I’ve been thinking about the relation between the different cultural patterns of software organizations and the model of explicit and tacit knowledge that Nonaka and Takeuchi present in their book The Knowledge-Creating Company.
Oblivious and Variable cultures lean heavily on tacit knowledge – the knowledge that cannot be articulated well, know-how, knowledge in the heads of the people who do the work. In Variable cultures, sharing of knowledge doesn’t take place in a controlled way, but by diffusion and chance. The master-apprentice model is an important means of knowledge transfer. In an Oblivious culture, there is usually no knowledge transfer to speak of.
A Routine culture focuses on explicit knowledge – explicit procedures, routines, methods, documented e.g. in handbooks. Knowledge is transferred by documenting everything and having people read the documents.
In a Steering culture both tacit and explicit knowledge play an important role – you need both to be effective. Processes are usually understood, but not always completely defined. People in a Steering culture know that you can document certain aspects of products and processes, but they also acknowledge that you need other means of knowledge sharing as well. You can recognize this in several agile practices, like pair programming, having the team in one room, and daily standup meetings.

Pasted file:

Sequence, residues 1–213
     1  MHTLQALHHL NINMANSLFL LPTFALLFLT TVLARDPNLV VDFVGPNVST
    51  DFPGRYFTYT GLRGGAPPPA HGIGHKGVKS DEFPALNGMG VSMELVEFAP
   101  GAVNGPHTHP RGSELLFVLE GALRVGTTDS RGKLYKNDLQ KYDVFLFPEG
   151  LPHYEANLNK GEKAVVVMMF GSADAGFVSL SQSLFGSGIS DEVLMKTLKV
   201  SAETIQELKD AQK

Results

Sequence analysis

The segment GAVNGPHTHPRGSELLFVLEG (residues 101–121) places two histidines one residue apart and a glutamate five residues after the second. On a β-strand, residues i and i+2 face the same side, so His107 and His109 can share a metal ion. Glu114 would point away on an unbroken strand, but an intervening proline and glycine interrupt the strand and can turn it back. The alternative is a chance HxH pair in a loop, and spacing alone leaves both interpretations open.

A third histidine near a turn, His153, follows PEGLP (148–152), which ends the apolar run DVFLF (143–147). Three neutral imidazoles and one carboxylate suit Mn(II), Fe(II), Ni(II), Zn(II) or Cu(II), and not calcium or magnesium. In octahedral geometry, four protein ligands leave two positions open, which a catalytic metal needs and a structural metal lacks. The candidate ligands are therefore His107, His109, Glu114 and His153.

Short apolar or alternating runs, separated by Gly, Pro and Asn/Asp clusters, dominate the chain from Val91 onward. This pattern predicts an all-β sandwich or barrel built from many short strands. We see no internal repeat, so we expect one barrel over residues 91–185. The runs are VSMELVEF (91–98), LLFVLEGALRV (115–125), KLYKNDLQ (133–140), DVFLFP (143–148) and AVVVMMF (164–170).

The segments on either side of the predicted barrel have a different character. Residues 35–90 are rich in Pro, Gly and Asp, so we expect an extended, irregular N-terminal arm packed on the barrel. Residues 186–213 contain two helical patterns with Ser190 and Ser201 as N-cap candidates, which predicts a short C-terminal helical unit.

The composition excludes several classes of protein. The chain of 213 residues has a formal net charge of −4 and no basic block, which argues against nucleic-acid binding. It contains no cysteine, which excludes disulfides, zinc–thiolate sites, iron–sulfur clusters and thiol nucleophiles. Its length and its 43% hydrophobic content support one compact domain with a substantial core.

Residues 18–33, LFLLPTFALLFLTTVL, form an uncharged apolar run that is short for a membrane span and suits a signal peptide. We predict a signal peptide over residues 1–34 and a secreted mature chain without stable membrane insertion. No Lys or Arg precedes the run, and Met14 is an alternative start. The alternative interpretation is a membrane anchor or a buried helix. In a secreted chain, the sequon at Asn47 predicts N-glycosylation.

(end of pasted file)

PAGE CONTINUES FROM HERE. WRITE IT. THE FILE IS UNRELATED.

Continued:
Anticipating and Congruent cultures focus on creating knowledge from the interaction between tacit and explicit knowledge, like Nonaka and Takeuchi describe in their book. They describe organizational knowledge creation as spiralling between tacit and explicit knowledge and between different levels within (and beyond) the organization – individual, group, organization, inter-organization.
I’d like to explore this more in depth in future blog entries. In the mean time, if you have any ideas or experiences you’d like to share, please let me know.